Coffee and cayenne pepper are widely consumed in the United States: caffeine, the stimulant in coffee, is among the most commonly used drugs in the U.S, while cayenne pepper adds spice and flavor to a range of foods found in the average American diet. Both coffee and cayenne pepper have a number of physiological effects on your body, and might have complementary effects that benefit your health. However, cayenne pepper combined with caffeine in coffee might also prove harmful. Talk to your doctor before consuming a combination of coffee and cayenne pepper.
Effect on Circulation
Both coffee and cayenne pepper can have an effect on your circulatory system. The presence of caffeine helps constrict your blood vessels, increases blood pressure and increases heart rate. Cayenne pepper also affects your blood vessels: it can increase blood flow to your tissues, and potentially dilate your blood vessels to increase circulation at the surface of your skin when applied topically.
The caffeine in coffee and cayenne pepper might have opposite effects on your cardiovascular system, since caffeine constricts and cayenne dilates your blood vessels. As a result, taking the two together might cancel out the cardiovascular effects of both chemicals. However, clinical studies investigating the effects of the combination caffeine and cayenne consumption on circulation have not yet been performed.
Effect on Pain
Taking coffee and cayenne together might benefit individuals experiencing slight pain. Cayenne aids in pain control, helping to dull pain over time. In addition, topical application of cayenne might reduce localized pain, helping to control a toothache. Drinking coffee along with taking cayenne might prove beneficial, since caffeine consumption can also help relieve pain in some cases, according to Washington University. These complementary actions of cayenne and caffeine might allow you to control pain from some afflictions, like headaches, without needing medication.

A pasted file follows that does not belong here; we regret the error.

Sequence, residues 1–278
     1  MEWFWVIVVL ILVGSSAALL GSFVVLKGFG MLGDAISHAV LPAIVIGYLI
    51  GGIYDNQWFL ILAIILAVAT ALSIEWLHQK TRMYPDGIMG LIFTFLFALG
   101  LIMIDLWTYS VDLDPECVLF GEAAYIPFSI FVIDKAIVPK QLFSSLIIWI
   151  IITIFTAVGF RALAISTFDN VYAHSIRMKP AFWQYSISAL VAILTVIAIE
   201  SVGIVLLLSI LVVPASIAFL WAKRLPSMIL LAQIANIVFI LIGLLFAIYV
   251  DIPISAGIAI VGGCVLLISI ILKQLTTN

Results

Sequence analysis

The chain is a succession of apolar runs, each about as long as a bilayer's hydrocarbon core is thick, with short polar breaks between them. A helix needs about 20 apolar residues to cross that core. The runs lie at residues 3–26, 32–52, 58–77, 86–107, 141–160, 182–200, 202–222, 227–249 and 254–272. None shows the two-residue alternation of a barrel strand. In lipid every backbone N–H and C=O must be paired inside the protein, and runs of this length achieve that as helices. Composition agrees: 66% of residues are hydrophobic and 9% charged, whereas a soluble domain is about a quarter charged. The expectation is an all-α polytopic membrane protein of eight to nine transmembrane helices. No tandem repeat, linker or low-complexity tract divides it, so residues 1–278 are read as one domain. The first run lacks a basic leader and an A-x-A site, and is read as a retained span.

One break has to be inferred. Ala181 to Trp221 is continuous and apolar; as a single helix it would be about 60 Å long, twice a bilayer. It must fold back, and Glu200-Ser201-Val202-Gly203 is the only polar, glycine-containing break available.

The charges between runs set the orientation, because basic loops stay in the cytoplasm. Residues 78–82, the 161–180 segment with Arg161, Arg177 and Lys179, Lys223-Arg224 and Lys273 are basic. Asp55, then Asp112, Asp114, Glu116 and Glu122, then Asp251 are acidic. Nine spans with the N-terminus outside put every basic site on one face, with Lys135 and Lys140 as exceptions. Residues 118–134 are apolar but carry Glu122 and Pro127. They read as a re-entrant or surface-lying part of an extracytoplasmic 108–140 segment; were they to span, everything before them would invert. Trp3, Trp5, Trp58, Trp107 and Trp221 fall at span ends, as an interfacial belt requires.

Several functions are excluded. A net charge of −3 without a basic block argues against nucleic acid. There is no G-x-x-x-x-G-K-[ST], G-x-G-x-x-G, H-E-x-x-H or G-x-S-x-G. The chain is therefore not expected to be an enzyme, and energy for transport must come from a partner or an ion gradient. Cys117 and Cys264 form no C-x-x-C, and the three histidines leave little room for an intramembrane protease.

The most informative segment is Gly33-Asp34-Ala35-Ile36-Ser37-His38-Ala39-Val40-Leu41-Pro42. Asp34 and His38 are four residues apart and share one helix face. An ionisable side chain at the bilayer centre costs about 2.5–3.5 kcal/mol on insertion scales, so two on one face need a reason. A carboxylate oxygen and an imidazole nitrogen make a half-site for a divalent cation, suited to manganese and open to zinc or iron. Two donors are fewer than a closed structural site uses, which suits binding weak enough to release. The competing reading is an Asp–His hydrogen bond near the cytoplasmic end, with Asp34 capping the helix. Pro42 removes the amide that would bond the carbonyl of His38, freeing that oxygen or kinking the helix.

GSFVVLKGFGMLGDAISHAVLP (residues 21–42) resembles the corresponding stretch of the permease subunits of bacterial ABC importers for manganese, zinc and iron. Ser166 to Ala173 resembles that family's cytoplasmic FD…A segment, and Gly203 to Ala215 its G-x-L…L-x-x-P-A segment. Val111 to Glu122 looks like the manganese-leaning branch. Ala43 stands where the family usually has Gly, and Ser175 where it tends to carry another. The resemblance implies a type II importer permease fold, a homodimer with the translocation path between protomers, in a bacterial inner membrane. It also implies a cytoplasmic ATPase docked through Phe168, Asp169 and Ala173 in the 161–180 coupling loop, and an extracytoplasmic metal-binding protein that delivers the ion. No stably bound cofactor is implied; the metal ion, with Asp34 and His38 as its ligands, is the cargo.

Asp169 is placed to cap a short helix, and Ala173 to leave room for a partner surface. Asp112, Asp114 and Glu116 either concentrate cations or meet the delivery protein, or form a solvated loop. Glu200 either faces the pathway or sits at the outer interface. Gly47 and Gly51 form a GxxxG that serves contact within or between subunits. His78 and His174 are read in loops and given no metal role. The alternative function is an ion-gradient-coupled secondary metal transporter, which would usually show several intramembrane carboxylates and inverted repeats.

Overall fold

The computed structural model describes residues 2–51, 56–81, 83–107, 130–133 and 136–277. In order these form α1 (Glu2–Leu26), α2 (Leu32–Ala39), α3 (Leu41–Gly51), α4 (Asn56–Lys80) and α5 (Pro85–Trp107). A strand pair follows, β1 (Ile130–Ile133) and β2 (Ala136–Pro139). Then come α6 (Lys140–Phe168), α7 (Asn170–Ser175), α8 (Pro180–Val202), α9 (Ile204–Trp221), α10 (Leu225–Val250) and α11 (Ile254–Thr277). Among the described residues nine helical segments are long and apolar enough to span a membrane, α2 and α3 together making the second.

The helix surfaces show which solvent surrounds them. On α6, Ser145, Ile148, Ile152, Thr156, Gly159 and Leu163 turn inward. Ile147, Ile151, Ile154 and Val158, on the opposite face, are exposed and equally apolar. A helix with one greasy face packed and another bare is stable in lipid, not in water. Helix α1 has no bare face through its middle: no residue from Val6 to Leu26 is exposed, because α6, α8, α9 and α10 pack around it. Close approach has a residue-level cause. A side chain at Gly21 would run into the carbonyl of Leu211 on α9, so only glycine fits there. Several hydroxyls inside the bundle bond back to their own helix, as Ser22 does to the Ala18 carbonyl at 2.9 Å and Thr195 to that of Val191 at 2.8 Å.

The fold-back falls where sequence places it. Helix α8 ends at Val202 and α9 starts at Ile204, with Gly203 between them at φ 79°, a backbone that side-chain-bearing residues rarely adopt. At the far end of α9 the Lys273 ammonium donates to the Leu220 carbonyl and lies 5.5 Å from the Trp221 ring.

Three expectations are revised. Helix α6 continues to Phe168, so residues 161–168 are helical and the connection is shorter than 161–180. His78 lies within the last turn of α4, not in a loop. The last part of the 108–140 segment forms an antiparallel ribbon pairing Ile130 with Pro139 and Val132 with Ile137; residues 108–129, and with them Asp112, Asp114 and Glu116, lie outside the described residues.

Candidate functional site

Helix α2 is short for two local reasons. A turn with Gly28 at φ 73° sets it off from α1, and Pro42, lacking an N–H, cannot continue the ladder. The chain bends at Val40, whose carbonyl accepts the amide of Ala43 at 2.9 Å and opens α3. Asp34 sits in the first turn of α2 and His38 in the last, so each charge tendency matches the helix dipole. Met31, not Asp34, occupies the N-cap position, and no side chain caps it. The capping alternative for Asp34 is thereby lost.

Effect on Digestive Health
Drinking coffee and taking cayenne might also worsen some existing health conditions. Cayenne pepper might irritate a stomach ulcer, causing discomfort when sores on your stomach lining come into contact with capsaicin -- the active ingredient in cayenne pepper. Coffee can also aggravate a peptic ulcer, stimulating the secretion of stomach acid and potentially worsening pain and discomfort. If you have a stomach ulcer, you should not consume coffee or cayenne pepper except under the supervision of a doctor.
Effect on Pregnancy
You should not drink coffee and consume cayenne pepper if you're pregnant without first consulting your physician. The caffeine in coffee might harm a developing baby, affecting the child's birth weight and potentially leading to heart defects, according to Emory University. There are no confirmed development defects associated with consuming cayenne pepper, but checking with your doctor before taking cayenne supplements can help protect the health of your baby. If you're breastfeeding, limit your cayenne consumption after childbirth, since compounds from cayenne enter your breast milk.